We've already introduced you to the tangy deliciousness of Bhaktapur curd (link) and to the racy carvings of the animal sex temple (link). But what about, you know, that UNESCO World Heritage stuff?
|Hmmm.... let me consult my guidebook.|
[DSM: Nice seatbelt]
[JLM: Nice parasol]
|Hardly anyone there. Heaven.|
|Immediately after this photo was taken: "You got a rupee for me?"|
|A 1000 year old elephant statue really makes for a great jungle gym|
The back streets of Bhaktapur are cobblestoned, peaceful and charming, full of fluttering prayer flags, adorable children and surprising decorations.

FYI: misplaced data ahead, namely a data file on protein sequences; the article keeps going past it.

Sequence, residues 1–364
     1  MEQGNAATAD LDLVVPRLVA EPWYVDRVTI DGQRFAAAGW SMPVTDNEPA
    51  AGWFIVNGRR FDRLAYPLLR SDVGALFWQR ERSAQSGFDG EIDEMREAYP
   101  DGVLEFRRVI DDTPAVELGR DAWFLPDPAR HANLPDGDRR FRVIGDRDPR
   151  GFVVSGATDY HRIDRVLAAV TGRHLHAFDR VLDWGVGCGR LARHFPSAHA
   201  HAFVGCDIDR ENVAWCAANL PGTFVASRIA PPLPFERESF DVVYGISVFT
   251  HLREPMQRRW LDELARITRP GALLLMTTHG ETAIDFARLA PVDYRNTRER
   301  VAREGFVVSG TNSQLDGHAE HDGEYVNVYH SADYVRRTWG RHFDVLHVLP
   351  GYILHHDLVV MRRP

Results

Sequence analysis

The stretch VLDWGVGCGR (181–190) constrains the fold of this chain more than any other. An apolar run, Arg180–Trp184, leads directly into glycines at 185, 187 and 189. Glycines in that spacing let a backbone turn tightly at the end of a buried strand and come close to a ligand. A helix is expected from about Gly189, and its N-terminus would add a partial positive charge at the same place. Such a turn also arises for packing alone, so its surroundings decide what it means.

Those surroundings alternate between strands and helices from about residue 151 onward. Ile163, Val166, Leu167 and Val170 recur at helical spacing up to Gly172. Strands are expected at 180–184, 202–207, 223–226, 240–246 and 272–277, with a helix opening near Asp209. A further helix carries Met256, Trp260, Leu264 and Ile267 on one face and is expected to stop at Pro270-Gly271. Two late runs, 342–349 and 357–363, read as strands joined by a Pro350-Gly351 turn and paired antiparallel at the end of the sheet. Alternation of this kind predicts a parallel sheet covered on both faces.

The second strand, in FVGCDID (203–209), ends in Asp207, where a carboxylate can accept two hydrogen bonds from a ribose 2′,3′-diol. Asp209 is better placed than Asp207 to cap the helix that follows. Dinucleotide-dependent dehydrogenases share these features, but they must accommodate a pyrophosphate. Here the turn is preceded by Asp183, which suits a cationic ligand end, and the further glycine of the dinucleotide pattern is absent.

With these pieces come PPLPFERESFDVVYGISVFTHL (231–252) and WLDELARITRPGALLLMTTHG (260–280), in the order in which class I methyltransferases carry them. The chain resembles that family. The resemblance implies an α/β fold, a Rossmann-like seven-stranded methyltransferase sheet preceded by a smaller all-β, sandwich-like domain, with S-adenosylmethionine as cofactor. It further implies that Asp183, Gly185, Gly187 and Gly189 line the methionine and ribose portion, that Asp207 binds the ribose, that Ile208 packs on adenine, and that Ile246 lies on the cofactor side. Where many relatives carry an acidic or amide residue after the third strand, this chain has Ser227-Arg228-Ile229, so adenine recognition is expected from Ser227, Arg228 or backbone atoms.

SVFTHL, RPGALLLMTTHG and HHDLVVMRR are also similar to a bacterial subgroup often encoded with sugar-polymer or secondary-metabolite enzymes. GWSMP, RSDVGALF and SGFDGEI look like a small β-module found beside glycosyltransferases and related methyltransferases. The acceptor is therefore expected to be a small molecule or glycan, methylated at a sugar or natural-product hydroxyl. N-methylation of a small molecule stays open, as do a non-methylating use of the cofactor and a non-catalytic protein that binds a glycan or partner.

Bhaktapur is also known for its pottery and its decorative masks. Clay pots, candlesticks, ashtrays and more are laid out to dry all over the town, but especially centered around Pottery Square (actual name, I think), where huge kilns made of grass are fired up on every corner. We were even invited to try our hand at the pottery wheel.
|Pots are laid out to dry in the sun|
|Two women haggle over the price of a pot|
|Splitting wood for fuel for the kiln fires.|
This looks like a tough job.
|A friendly pottery professional|
|I am really bad at this.|
|We shared a Ghost moment.|
|It was a lot like this. But more Nepali.|
|Trying one of Bhaktapur's famous masks on for size.|
More Bhaktapur photos are available here.